Malachi's Promise "And he shall turn the heart of the fathers to the children, and the heart of the children to the fathers...." Malachi 4:6

Thursday, July 14, 2011

Disappointing Elizabeth

A week ago Joyce Humphrey, an Armitage cousin, found the marriage record for our g-g-grandfather Abel Armitage and his wife, Eliza Hartley, on the West Yorkshire Marriage Parish Records collection at Ancestry.com. Abel married twice. After Eliza died, Abel married Ann Bell. Joyce descends from Ann; I descend from Eliza.

Abel and Eliza had two daughters. Ann was born on May 21, 1850. Elizabeth, my great-grandmother, was born on August 24, 1852. I hoped (and assumed that) their baptismal records would be on the companion set of records at Ancestry.com where Joyce found their parents' marriage. Below are photographs of the baptismal records as I found them on Ancestry.
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Ann Armitage's record.

Date of Birth. 21 May 1850
When Baptized. 16 June No. 477
Child's Christian Name. Ann
Parents' Christian Names. Abel Eliza
Parents' Surname. Armitage
Abode. Bowling
Quality, Trade, or Profession. Carrier
By whom the Ceremony was performed. [Illegible signature] Office Minister
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Elizabeth Armitage's record.

Date of Birth. 24 August 1852
When Baptized. 1852 19 September No. 985
Child's Christian Name. Elizabeth
Parents' Christian Names. Abraham Eliza
Parents' Surname. Armitage
Abode. Bowling
Quality, Trade, or Profession. Porter
By whom the Ceremony was performed. W. C. Hodgon [?], Apt. Curate
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My disappointment is not in Elizabeth, an infant who had no control over what was written in the baptismal registry. My disappointment is in finding the first name of her father recorded as Abraham instead of Abel. I believe without a doubt that this is my Elizabeth -- but how did Abel become Abraham? I was so hopeful this record would provide clear evidence because I have been unable to find a civil birth record for Elizabeth.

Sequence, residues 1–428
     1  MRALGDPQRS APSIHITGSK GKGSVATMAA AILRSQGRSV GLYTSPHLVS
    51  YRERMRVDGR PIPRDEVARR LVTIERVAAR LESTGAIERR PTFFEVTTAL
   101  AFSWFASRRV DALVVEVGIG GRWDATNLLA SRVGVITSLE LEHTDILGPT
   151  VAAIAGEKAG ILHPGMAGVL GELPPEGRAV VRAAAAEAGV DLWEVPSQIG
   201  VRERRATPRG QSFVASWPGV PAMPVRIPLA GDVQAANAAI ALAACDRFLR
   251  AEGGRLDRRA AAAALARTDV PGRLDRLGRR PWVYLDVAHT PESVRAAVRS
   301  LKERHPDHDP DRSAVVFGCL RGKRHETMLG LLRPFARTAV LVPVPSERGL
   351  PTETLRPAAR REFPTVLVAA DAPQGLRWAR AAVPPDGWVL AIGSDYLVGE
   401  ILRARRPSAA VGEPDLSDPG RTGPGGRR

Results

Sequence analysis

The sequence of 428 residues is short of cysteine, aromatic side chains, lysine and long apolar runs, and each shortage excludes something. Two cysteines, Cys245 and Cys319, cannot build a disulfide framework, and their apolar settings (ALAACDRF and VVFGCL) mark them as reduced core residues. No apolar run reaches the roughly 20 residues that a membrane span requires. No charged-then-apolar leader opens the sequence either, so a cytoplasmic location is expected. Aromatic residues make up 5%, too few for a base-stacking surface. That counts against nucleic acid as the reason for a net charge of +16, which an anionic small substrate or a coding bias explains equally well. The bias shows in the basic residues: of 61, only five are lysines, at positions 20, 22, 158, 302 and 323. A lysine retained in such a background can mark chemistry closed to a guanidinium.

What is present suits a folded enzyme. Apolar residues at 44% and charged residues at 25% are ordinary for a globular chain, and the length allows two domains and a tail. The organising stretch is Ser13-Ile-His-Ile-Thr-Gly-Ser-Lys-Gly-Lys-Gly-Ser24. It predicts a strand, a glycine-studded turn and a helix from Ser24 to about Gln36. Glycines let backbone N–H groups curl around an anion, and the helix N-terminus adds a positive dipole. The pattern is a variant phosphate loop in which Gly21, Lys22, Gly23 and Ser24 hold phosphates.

I understand that in 1800s England parents were required to pay a fine if births were not recorded within a specific time period. In order to avoid paying the fine parents sometimes changed the birth dates of their infants. If that was the case in Elizabeth's situation, I will never find a record with her name, an accurate date of birth, and the correct names of her parents. Disappointing.

3 comments:

  1. I didn't realize there was a fine for "late" reporting of births. That opens a whole can of worms, doesn't it? How will we ever be sure that our ancestor's birth dates are right? That is very disappointing. This is one of those times you wish you could meet the ancestor in person and chat for a while!

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  2. Heather, I understand that was specific to the UK during the 1800s. I have not heard that there were fines in the US or in any other countries (but that's not to say that there weren't). Knowing that for UK records definitely makes for a feeling of uncertainty when it comes to birth dates. Yes, I do wish I could sit a visit with my ancestors.

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  3. Nancy,
    Thank you for inviting me to google+. This is something I would really like to explore. I set up a circle I called bloggers. Perhaps we can get a group in our circle from geneabloggers and try the "hangout" function. That could be so much fun. I understand that the software automatically switches to the face of the person who is speaking -- but I've yet to try it out. Need a group.
    Kathy

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I appreciate your comments and look forward to reading what you have to say. Thanks for stopping by.

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